Boggy facts and figures

Peatlands around the world

Peatlands are found in 180 countries worldwide across all continents

Blanket bogs and lowland raised bogs are globally threatened

Peatlands cover just 3% of the world’s surface but hold nearly 30% of the soil carbon

British bogs

  • There are three main types of peatlands in the UK: blanket bog, raised bog and fenland.
  • The UK has 13% of all the world’s blanket bog
  • 60% of the UK’s peatland is in Scotland
  • Peatlands are home to rare wading birds such as dunlin, the threatened hen harrier, weird and wonderful plants like the insect-eating sundew and throngs of insects including dragonflies, large heath butterflies, emperor moths and dazzling jewel beetles

The benefits of bogs

  • Peatland vegetation slows the flow of rainfall, helping to prevent flooding in local towns and villages
  • Global peatlands contain at least 550 Gigatonnes of carbon, more than twice the carbon stored in all forests
  • UK’s Peatlands store over three billion tonnes of carbon, around the same amount as all the forest in the UK, France and Germany put together
  • Peat is the single biggest store of carbon in the UK, storing the equivalent of 20 years of all UK CO2 emissions and keeping it out of the atmosphere.
  • Inland water bodies including peatlands provide £1.5 billion value in terms of water quality
  • 70% of UK drinking water comes from upland areas dominated by peatlands
  • Peatlands are home to rare wading birds such as dunlin, the threatened hen harrier, weird and wonderful plants like the insect-eating sundew and throngs of insects including dragonflies, large heath butterflies, emperor moths and dazzling jewel beetles
Blanket bog

Peatlands are also known as moors, bogs, mires, peat swamp forests, permafrost tundra, peat moss, muskegs and fens

Marvellous mosses

  • Sphagnum moss is a key component of blanket bogs
  • Sphagnum can hold up to 20 times its weight in water
  • Each kind of sphagnum moss has its own shade of colour, ranging from red, pink and orange through to green
  • Some grow underwater in pools and wet hollows whilst  others can survive in fairly dry conditions
  • Hummocks are created by sphagnum mosses growing to form large mounds up to a metre high
  • Some mosses grow only a few millimetres a year, while others grow over 3cm
  • Mosses grow from spores which are produced in fruiting bodies called capsules
  • Sphagnum mosses produce chemicals which increase the acidity of the water and further prevent the decay of dead plants
  • Dry sphagnum moss is absorbent and also mildly antiseptic.
  • During the First and Second World Wars it was used as wound dressings. It was also used for lamp wicks, bedding and babies’ nappies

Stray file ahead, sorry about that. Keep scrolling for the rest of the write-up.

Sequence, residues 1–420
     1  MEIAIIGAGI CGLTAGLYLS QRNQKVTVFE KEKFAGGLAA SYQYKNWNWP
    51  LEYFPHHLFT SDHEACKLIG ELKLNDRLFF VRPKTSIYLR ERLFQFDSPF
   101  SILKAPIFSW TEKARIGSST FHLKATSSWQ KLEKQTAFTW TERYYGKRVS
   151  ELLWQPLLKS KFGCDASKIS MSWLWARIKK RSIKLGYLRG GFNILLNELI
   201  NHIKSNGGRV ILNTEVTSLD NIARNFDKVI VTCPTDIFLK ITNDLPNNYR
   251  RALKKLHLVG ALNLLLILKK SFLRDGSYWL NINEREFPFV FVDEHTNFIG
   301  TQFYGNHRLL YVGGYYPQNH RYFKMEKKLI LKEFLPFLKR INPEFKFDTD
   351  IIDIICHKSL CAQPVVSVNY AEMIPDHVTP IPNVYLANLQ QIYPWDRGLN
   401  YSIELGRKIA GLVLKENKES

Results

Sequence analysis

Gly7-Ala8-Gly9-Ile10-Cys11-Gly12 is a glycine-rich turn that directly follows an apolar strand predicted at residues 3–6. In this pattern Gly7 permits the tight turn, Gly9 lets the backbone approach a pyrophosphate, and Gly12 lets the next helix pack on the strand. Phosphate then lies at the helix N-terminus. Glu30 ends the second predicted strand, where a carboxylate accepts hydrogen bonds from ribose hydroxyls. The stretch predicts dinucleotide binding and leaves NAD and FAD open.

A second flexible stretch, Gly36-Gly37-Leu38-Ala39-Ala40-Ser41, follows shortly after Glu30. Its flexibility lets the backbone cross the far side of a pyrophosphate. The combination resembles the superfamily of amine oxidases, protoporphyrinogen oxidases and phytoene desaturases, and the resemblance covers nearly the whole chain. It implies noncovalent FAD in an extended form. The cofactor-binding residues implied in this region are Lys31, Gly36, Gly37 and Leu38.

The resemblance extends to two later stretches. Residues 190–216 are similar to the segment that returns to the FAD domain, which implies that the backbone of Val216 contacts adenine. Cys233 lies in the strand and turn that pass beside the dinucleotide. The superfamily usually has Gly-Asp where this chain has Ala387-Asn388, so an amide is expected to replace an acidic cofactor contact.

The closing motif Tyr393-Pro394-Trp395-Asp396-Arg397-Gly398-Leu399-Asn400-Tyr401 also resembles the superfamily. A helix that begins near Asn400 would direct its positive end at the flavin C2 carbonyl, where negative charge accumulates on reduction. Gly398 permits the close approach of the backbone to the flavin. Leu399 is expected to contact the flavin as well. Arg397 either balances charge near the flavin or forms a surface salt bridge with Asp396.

• Sphagnum moss is now used by gardeners for a variety of purposes
Sphagnum mound with heather

Peatland Formation

Dead remains of the sphagnum mosses pile up and get pressed together to eventually form the soil we know as peat. Peat forms at a very slow rate – 1mm per year or 1 metre per millennium.

Damaged peatlands

  • Damage to peatlands is caused by drainage, atmospheric pollution, peat extraction and burning
  • Globally, 25% of peatlands have been destroyed
  • In the UK at least 80% are damaged
  • 10 million tonnes of carbon dioxide is released into the atmosphere each year from damaged UK peatlands
  • Damage to peatlands results in brown water which is expensive for water companies to treat ready for us to drink
  • Damaged peatlands result in declining wildlife as habitat disappears
  • Damaged peatlands contribute to worsening climate change
  • It takes thousands of years to make a bog and once they are destroyed it is a long process to get them back.

Peak District and South Pennines

  • There are high levels of heavy metals in peat in the Peak District and South Pennines because they were present in smoke from factories during the industrial revolution
  • Heavy metals found in the peat soil include copper, zinc, cadmium and lead
  • These metals are so abundant that metal eating bacteria normally found on scrapheaps have been found in the peat
  • Levels of zinc and copper in waterways coming off the moors are beyond EU thresholds
  • Water companies in the area have to dispose of sediment in their reservoirs as toxic waste when dredged because of the abundance of heavy metals
  • Acid rain has turned peat, in some cases, to the same pH as lemon juice. This has decimated sphagnum moss populations and made the environment inhospitable for plants to grow
  • Worst eroding square kilometres of moorland are losing 800 tonnes carbon per year
  • These areas could be sequestering (taking in and storing) up to 500 tonnes carbon per year
Brash Spreading

Moors for the Future Partnership is made up of organisations including the Peak District National Park Authority, National Trust, RSPB, Natural England, Environment Agency, Pennine Prospects and three water companies: United Utilities, Yorkshire Water and Severn Trent Water

Moors for the Future Partnership

  • We have developed techniques for stabilising  peat which have resulted in the successful re-vegetation of bare peat
  • In the first 15 years we have transformed over 32 sq km of bare peat
  • We work on over 30 projects
  • In 2018 we:
    • Installed 2,757 dams over 13 km of grips and gullies
    • Planted 7.76 km2 with sphagnum plugs
    • Took 5,940 dipwell measurements
    • Surveyed 798 m2 of moorland plants
    • Trained 360 Community Science Project wildlife surveyors
    • Attended or hosted 136 events, reaching 4,265 people
    • Spread 6,462 bags of heather brash over 0.31 km2 of peat

Sphagnum planting